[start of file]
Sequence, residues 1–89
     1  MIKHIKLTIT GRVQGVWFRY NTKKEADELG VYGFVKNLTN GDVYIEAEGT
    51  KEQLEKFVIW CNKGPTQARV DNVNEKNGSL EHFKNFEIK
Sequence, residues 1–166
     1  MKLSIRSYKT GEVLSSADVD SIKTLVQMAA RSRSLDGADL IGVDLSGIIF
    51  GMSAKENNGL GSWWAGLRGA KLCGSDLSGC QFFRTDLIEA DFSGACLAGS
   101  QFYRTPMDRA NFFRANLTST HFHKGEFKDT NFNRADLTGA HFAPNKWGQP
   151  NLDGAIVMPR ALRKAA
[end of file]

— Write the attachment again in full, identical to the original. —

Sequence, residues 1–89
     1  MIKHIKLTIT GRVQGVWFRY NTKKEADELG VYGFVKNLTN GDVYIEAEGT
    51  KEQLEKFVIW CNKGPTQARV DNVNEKNGSL EHFKNFEIK
Sequence, residues 1–166
     1  MKLSIRSYKT GEVLSSADVD SIKTLVQMAA RSRSLDGADL IGVDLSGIIF
    51  GMSAKENNGL GSWWAGLRGA KLCGSDLSGC QFFRTDLIEA DFSGACLAGS
   101  QFYRTPMDRA NFFRANLTST HFHKGEFKDT NFNRADLTGA HFAPNKWGQP
   151  NLDGAIVMPR ALRKAA